Independent league baseball is a kinder, gentler version of the major league game and in recent years has become popular in mid-sized communities like the one where I live, the stadiums often serving as a centerpiece for resurging downtowns. 

These are not farm team stepping stones to the big leagues but usually the last stop for a career that either never happened or is on its downward trajectory. Players take to the field with a kind of earnest and subtle desperation, well aware that this may be as good as it gets for them.

Stadiums are small but comfortable and easily accessed. No mile-long treks from distant parking lots. Affordable prices allow families to have a good time without breaking the bank on twenty-dollar hamburgers. Representatives of local charities often man the concession stands, schlepping hot dogs and pouring beers to raise funds for their organization. Norman Rockwell could set up his easel and feel at home here until he sees the giant electronic screen and the bowed heads of fans staring at their phones.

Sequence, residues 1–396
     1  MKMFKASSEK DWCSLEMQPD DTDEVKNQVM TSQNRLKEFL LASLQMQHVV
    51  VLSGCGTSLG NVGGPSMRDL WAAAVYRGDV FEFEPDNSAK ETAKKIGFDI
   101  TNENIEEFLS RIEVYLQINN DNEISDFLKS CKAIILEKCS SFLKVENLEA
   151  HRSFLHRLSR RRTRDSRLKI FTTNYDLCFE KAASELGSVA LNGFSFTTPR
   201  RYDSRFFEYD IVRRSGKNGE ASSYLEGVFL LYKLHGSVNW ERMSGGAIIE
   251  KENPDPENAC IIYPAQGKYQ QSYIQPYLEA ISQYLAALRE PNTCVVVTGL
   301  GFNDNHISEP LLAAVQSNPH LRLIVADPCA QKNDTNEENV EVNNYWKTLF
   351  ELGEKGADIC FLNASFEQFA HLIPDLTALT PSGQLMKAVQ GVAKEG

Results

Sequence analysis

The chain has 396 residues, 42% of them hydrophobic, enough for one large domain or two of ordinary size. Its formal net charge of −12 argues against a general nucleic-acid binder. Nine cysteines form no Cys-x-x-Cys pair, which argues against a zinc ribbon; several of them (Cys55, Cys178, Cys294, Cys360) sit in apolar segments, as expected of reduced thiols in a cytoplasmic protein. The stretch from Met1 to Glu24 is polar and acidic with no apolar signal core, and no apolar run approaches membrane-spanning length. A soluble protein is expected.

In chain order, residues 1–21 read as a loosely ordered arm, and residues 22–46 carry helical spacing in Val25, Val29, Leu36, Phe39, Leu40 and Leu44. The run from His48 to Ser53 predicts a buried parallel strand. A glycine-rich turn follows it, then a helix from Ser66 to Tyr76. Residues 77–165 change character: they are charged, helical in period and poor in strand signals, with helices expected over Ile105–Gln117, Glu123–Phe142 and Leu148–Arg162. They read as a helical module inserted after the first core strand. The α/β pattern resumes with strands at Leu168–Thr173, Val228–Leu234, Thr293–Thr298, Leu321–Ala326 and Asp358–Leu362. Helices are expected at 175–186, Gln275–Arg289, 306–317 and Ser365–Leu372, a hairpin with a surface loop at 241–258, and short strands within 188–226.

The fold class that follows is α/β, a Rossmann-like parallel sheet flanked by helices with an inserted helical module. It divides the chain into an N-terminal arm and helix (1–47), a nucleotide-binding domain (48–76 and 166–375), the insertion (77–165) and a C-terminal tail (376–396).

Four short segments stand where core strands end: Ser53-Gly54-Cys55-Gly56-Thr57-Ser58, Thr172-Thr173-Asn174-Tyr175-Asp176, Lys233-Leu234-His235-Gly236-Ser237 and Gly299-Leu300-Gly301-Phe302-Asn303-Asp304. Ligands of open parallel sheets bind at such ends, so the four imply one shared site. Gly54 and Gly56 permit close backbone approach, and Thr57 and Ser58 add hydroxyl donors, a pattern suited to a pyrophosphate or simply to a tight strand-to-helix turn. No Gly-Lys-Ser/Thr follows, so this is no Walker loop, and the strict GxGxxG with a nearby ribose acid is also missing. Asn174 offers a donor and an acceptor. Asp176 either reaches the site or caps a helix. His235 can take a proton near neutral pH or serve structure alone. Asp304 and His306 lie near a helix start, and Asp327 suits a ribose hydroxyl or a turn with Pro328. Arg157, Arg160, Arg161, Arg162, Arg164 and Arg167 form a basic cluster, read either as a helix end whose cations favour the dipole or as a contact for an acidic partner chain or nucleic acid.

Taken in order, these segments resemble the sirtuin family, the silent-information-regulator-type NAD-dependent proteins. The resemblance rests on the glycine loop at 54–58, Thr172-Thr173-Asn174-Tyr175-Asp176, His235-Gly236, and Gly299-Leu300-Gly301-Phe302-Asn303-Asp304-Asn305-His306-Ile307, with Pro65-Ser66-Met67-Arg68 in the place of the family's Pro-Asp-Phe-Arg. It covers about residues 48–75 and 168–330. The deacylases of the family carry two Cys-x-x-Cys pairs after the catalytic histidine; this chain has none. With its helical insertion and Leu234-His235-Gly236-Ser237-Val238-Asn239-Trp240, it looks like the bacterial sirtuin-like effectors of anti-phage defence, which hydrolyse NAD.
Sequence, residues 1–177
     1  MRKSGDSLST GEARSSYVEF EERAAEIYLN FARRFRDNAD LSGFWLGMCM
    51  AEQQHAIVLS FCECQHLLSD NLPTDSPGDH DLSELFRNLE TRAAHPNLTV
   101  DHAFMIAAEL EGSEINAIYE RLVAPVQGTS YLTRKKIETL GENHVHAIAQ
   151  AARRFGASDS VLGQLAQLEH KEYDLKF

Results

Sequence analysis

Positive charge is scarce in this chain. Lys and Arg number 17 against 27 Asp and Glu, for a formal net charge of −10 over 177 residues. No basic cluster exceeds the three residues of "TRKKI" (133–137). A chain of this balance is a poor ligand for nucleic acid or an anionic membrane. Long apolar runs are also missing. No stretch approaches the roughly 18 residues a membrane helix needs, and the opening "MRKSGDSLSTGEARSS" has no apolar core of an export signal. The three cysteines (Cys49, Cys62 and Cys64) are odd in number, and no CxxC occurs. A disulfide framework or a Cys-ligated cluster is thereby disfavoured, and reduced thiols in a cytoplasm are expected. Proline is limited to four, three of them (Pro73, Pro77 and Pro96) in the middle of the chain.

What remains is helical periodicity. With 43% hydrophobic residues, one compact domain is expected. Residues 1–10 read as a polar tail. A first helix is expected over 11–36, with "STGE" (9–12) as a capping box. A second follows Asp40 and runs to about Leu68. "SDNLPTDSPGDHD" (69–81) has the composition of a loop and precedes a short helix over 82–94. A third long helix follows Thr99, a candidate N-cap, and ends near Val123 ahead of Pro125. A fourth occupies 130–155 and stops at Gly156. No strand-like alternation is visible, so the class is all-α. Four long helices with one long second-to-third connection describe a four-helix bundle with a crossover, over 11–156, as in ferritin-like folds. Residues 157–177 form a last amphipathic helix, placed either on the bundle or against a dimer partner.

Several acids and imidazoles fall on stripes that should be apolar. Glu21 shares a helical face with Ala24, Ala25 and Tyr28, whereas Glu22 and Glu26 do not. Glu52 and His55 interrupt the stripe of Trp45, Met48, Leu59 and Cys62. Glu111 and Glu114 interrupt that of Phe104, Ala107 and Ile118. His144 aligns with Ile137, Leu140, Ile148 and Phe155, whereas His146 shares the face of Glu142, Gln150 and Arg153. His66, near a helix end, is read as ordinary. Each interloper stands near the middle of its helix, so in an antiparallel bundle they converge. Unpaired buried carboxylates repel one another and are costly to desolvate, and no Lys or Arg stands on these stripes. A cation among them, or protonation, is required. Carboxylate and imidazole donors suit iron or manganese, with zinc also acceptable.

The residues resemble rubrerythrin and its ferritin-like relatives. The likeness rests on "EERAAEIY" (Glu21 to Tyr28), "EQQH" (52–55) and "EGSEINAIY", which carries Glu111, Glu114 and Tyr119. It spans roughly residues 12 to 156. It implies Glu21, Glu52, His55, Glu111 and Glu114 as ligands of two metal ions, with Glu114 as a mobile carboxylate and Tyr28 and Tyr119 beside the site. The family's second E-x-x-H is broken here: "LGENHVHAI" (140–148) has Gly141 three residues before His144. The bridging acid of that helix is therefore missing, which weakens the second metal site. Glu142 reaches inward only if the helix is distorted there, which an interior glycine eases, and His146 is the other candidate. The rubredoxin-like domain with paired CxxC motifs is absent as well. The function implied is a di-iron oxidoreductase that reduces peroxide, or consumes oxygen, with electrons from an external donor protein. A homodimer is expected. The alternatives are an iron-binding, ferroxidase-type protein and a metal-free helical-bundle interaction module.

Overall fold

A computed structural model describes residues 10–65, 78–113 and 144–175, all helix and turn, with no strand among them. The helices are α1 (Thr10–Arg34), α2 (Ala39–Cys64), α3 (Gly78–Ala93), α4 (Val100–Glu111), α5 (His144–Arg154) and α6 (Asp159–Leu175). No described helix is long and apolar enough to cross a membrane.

Baseball at this level is a throwback to a simpler, more innocent time. Between innings, kids run the bases dressed in fruit-of the-loom costumes. People launch beach balls into giant inflatable toilets sponsored by a drain-cleaning company or guess how much a can of pineapple costs at the local supermarket. You end up talking to the person sitting next to you whether you know them or not. A hairy team mascot cavorts on top of the dug-outs along with fresh-faced teenaged cheerleaders dressed in polo shirts and shorts. There is still a manual scoreboard changed by disembodied heads occasionally peering through the squares. No angry words are hurled except between umpires and managers and from the occasional disgruntled fan.